We're not talking reality here. We're getting to the core of who you are: your expectations, your perceptions, your assumptions, your feelings and thoughts about life - including the person you're breaking up with and other important people in your life.
I know this sounds deep, but taking responsibility for that will help you create the best possible ending.
Should you still be unsure about what to do, I recommend you reinvest in your relationship with my breakup prevention kit. It will help you focus on other things in your relationship instead of all the trouble. You can have deeper, more meaningful and also fun conversations that may just save your relationship.
If you're not living together, you may want to meet in a neutral location, where you can't be overheard. It may be an idea to have some trusted friends close by to be there for you afterwards.
If you're breaking up a long-distance relationship, use the following advice to write a letter or email, if you really don't want a one-to-one on Skype.
We're beginning to shape the conversation you're going to have with your partner with the answers to these questions. You'll be able to construct the story of the highs and lows of the relationship and its ultimate decline in your perception.
You need to break it to your partner gently, but firmly.
It will be for your mutual benefit, help you set boundaries, making the ending all the more smoother. The latter will make it easier for you to move on quicker and doesn't leave your soon to be ex with any false hope.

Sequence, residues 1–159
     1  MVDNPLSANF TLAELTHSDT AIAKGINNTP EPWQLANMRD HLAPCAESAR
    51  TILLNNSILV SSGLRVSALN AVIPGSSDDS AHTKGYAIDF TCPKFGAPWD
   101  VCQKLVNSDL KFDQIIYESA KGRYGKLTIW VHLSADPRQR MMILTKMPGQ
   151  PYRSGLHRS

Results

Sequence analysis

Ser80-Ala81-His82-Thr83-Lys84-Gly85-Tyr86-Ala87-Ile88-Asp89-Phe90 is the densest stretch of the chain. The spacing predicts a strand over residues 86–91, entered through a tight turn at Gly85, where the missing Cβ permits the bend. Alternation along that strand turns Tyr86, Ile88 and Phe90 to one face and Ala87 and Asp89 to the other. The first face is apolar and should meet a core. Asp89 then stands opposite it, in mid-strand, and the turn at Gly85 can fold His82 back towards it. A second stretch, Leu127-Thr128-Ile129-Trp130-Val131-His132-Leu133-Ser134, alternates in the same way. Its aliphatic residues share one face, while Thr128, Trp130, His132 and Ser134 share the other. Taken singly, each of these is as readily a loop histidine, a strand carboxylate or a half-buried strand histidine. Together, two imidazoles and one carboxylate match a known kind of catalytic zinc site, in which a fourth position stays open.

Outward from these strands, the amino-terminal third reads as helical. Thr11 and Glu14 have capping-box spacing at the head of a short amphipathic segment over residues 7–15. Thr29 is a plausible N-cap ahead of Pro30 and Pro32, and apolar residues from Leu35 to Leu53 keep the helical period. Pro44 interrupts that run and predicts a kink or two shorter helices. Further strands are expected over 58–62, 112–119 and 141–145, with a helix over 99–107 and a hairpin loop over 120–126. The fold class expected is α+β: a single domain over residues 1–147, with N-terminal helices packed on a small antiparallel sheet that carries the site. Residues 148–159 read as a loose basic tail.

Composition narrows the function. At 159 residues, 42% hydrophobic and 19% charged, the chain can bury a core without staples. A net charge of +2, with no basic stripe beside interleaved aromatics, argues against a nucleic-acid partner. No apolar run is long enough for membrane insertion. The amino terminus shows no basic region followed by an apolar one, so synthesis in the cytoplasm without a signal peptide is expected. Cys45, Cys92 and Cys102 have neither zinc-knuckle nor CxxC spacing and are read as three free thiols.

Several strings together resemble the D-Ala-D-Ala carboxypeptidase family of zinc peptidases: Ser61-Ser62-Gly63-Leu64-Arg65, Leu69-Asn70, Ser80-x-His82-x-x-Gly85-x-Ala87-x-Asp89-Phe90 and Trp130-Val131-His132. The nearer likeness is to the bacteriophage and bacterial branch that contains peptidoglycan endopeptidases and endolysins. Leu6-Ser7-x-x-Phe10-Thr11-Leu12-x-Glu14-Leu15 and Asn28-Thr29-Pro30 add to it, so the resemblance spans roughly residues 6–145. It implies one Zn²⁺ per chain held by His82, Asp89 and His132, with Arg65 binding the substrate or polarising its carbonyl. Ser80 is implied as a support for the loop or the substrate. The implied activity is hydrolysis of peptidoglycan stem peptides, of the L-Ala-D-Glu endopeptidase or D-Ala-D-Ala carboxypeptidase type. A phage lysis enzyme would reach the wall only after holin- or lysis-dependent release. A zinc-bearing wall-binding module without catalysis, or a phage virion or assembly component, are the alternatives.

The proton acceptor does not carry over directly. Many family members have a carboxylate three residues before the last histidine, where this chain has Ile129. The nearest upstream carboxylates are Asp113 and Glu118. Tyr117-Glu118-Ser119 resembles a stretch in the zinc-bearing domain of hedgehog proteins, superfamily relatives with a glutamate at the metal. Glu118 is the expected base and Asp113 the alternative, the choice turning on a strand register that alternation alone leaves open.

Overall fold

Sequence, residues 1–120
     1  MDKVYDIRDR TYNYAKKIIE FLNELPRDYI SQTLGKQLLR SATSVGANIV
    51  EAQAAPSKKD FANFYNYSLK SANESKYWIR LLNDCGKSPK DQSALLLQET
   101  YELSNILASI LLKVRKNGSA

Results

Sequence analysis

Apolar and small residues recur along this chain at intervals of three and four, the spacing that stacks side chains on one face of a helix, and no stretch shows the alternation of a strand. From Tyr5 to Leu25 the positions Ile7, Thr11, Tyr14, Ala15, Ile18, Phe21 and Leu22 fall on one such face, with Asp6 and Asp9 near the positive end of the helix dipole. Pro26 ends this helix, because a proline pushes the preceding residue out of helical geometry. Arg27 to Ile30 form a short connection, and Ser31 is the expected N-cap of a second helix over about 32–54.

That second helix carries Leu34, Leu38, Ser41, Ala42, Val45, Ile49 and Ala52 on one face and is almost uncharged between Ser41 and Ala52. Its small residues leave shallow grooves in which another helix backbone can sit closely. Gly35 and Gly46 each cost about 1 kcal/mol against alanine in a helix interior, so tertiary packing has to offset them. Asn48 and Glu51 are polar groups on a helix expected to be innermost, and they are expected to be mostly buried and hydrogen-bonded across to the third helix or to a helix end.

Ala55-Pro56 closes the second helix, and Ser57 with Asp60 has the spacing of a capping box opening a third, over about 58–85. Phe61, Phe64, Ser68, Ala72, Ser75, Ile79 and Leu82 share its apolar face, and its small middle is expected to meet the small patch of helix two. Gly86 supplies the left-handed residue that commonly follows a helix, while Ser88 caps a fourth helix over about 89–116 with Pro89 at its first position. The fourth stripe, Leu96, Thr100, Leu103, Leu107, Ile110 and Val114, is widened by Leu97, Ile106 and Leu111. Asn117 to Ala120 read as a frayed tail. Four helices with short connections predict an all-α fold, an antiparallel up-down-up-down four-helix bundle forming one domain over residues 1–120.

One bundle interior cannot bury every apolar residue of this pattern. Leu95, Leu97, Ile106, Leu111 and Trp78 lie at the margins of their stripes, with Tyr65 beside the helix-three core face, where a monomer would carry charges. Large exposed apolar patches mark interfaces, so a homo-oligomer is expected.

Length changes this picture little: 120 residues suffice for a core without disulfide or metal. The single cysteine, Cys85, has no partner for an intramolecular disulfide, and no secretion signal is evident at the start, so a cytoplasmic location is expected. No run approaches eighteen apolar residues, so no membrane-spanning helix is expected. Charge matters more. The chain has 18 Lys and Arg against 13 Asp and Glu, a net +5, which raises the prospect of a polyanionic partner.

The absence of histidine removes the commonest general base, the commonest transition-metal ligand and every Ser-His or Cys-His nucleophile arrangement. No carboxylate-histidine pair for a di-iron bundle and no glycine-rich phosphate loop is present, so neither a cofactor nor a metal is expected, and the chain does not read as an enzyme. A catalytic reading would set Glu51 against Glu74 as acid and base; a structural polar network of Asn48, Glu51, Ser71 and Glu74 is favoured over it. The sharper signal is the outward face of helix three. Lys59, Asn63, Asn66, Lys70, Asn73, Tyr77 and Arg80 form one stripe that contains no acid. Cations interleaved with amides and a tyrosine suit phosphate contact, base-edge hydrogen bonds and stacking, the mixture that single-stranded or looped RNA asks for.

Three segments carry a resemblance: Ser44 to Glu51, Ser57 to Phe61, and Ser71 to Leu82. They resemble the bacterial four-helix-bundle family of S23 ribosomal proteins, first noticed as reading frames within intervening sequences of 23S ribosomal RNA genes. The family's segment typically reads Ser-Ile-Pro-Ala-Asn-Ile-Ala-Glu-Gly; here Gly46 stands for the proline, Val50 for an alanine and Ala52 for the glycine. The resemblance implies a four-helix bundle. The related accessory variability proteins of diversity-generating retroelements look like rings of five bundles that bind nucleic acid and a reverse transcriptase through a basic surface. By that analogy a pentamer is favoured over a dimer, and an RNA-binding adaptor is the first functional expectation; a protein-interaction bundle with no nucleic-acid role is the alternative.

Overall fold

How long have you been together?
How did you first meet?
What attracted you to your girlfriend/boyfriend/spouse?
What did you like most about him/her?
When did you first notice that the relationship was not quite right?
When did you begin to wonder what it would be like if you ended the relationship? (Tip: it was probably earlier than you think)
Are you already in a relationship with someone else? Perhaps your partner already knows about your infidelity?
Does your partner suspect your infidelity?
Have you already found somewhere else to live (if living together)?
What precisely bothers you about the relationship?
What precisely do you not like about him/her? (Tip: don't share this with your partner!)
The latter leaves the door open for your partner or spouse to keep fighting for the survival of your relationship or marriage (and who would blame them).
It would lead to false hope, heart-wrenching discussions, pleas and promises. You've got to be clear about- and set- boundaries. Let them be clear this is your final decision.
For more about all of this, see my page How to End a Long-Term Relationship.
Do consider whether or not you need to say goodbyes to your partner's family and friends.
It can be oh so awkward if you later bump into them.
What do you say when you haven't bothered to even send them a card to say thank you for being there, welcoming you, supporting you or whatever else there is to say thank you for and wish them all the best?
Most importantly, if you have children, they'll need to feel that they can talk to you about family and friends! After all, they may well stay in touch with them.
I really hope this article is of help to you. :-)
I frequently update my articles based on feedback, therefore I really value your vote.
Thank you so much in anticipation. :-)
Your problem is never too small or too big, too silly or too complicated to ask for help from a licensed therapist.
They'll be so happy to help...
I want to upfront with you - I may earn a commission from BetterHelp. You pay the same fee, regardless.